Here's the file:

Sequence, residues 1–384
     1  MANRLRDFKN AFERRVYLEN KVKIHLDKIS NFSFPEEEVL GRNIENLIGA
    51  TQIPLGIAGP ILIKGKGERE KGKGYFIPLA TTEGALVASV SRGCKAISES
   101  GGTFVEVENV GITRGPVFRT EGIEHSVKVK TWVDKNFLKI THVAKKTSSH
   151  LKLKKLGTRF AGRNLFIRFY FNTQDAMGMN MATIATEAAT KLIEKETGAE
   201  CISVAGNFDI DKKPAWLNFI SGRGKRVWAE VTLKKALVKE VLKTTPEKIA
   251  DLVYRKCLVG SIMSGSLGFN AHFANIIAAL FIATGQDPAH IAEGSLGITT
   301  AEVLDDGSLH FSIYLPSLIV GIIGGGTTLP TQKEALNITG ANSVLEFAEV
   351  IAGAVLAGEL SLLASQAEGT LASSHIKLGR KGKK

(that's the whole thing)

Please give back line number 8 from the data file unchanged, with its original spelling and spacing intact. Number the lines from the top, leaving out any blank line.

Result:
   301  AEVLDDGSLH FSIYLPSLIV GIIGGGTTLP TQKEALNITG ANSVLEFAEV